What I want to become: An exercise in creative leadership

Here’s an exercise in creative leadership. It takes five minutes to complete. Try it out for yourself or for your friends or with people you work with

Pantograph

You can do this exercise using an A4 sheet of paper, or a flip chart or using a computer or tablet. I will describe it for working with a sheet of paper but it is easy to translate for working from a flip chart or computer.

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1 First you take a piece of paper and make two columns by drawing a line vertically down the middle of the page

2 Then at the top of the left hand column you write
I want to become ……

3 Then you complete the sentence with your wished-for future dream in no more than three additional words. It may be a professional wish or a personal one.

4 At the top of the right hand column write a statement about some quite different wish. You can select from this list of wishes suggested to me in the past. Select something as far away as possible from your statement in the left-hand column:

Airline pilot
Nobel Prize winning scientist
Famous explorer
Famous peace maker
Role model for children
Olympic athlete
Respected family person
Great teacher

5 Write down quickly ten ideas that would help you or someone else achieve the wish in the right-hand column. Let your imagination rip

6 Take a short break

7 Now turn your attention to the left-hand column

8 Look at the first item on the right and see what needs to be changed for it to suggest something in the left hand column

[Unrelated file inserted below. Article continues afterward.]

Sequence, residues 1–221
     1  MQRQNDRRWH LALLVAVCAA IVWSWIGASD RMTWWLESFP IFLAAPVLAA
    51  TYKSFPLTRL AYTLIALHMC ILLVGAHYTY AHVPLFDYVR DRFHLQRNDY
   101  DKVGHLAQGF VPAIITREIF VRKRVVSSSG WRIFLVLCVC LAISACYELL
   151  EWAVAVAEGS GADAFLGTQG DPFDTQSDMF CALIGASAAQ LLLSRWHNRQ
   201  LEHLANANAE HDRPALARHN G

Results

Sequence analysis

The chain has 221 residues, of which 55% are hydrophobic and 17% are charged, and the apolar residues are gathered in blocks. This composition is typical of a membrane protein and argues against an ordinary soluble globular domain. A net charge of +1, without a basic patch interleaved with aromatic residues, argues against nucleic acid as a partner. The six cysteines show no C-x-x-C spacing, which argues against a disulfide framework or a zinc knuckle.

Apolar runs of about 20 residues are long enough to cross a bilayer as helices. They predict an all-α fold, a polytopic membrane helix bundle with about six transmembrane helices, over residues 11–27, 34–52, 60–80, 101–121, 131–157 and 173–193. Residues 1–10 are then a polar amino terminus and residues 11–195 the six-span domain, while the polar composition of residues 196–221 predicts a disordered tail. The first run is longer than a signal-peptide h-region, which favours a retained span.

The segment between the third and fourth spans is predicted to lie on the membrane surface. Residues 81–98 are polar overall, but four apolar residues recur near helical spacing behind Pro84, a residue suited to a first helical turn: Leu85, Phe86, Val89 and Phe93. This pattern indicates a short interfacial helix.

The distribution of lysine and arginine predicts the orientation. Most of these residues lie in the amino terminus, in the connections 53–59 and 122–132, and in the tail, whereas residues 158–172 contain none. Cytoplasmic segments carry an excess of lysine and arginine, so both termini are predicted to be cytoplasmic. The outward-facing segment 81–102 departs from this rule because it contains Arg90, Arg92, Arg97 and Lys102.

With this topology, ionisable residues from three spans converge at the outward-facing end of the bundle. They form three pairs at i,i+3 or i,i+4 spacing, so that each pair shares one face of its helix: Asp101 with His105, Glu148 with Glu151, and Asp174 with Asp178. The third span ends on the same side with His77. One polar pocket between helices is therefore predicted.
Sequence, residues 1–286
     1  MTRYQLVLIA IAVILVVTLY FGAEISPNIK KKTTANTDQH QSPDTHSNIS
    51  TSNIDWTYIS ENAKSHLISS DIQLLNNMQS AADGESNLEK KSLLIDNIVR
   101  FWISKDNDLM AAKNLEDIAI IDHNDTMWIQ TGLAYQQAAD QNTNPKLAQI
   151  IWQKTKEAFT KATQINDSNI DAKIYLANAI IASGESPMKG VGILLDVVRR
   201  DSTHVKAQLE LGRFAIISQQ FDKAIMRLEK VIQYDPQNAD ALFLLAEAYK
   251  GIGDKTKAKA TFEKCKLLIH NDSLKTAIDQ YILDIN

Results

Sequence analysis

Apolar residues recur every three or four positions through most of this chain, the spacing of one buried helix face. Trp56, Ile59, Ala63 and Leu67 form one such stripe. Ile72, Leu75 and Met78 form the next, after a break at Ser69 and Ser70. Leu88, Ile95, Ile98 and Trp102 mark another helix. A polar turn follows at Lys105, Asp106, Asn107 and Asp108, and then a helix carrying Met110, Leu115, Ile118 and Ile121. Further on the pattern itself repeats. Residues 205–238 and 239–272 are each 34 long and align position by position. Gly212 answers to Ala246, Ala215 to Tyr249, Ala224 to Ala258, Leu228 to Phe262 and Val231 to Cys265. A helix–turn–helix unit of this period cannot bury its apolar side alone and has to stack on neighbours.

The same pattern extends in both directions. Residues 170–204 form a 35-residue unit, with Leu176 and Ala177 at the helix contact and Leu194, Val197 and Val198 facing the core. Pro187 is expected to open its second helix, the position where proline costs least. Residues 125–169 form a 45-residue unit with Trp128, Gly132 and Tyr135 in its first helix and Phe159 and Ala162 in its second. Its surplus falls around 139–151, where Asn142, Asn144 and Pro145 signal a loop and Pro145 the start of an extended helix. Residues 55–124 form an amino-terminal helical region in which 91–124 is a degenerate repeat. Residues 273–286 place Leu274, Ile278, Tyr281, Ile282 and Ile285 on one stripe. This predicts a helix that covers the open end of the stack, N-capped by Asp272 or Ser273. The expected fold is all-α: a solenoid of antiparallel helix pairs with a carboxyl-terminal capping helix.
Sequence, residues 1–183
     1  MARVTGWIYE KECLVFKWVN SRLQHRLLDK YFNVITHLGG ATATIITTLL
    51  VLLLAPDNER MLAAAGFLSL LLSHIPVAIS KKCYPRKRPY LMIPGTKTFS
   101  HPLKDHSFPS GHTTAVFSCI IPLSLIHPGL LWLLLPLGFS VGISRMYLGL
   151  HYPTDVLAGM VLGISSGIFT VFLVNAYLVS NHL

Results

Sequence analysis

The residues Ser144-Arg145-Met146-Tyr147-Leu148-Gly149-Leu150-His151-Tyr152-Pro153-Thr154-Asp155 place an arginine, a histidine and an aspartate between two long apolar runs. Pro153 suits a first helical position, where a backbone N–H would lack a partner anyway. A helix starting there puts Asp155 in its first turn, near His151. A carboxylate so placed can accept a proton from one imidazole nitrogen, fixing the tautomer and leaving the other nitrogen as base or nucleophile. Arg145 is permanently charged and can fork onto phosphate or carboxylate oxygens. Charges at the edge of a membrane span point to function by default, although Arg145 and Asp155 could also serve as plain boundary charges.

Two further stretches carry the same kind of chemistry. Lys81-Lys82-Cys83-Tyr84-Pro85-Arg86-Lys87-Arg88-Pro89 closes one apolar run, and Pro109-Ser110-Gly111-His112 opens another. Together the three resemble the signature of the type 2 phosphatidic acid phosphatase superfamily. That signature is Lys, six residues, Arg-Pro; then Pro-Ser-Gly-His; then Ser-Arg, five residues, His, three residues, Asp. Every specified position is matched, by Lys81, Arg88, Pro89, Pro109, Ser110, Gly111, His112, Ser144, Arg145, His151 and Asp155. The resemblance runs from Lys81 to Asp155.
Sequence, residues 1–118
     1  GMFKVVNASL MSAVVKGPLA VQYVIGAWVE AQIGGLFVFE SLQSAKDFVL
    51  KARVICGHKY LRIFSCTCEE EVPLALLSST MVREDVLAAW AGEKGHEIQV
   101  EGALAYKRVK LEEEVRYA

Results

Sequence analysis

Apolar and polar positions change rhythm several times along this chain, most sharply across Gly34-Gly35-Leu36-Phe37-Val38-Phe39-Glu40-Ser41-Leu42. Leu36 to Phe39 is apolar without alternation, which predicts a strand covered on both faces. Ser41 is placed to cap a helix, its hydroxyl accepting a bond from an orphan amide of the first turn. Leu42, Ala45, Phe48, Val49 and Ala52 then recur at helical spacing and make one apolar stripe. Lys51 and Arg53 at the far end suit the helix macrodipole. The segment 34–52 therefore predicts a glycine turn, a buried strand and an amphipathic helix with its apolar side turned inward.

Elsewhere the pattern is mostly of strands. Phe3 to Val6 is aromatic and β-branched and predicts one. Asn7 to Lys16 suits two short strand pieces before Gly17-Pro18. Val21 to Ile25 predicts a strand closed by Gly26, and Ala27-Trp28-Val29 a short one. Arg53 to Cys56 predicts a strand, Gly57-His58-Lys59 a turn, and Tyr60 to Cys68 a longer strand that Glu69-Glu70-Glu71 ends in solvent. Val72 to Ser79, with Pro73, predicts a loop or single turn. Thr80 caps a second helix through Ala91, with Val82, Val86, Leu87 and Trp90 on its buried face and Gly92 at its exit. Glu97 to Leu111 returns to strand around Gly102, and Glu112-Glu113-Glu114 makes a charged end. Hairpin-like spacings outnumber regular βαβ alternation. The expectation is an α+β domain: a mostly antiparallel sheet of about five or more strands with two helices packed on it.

9 Write down the first thought that seems to connect with your own wish, opposite the first item on the right.

10 Repeat the process with the next item from the right hand column

11 Keep repeating the process. It will always be possible to find a connection for each idea

12 Take another short break before identifying idea you like most for a first step towards you reaching your dream

Why the exercise works and what might prevent it working

I know the exercise work because colleagues and I have tried it out on creativity courses around the world countless times. I expect it to have worked for you as a subscriber to Leaders We Deserve. The basic principles are derived from application of techniques for re-framing thoughts and visualizing future actions.

Sometimes it doesn’t work. There are various possible explanations for this. Most are to do with the specific circumstances under which the exercise was carried out. If it didn’t work for you, A conversation though the comments section of LWD may be found helpful. You can also find out more from courses and many books about creative problem-solving.

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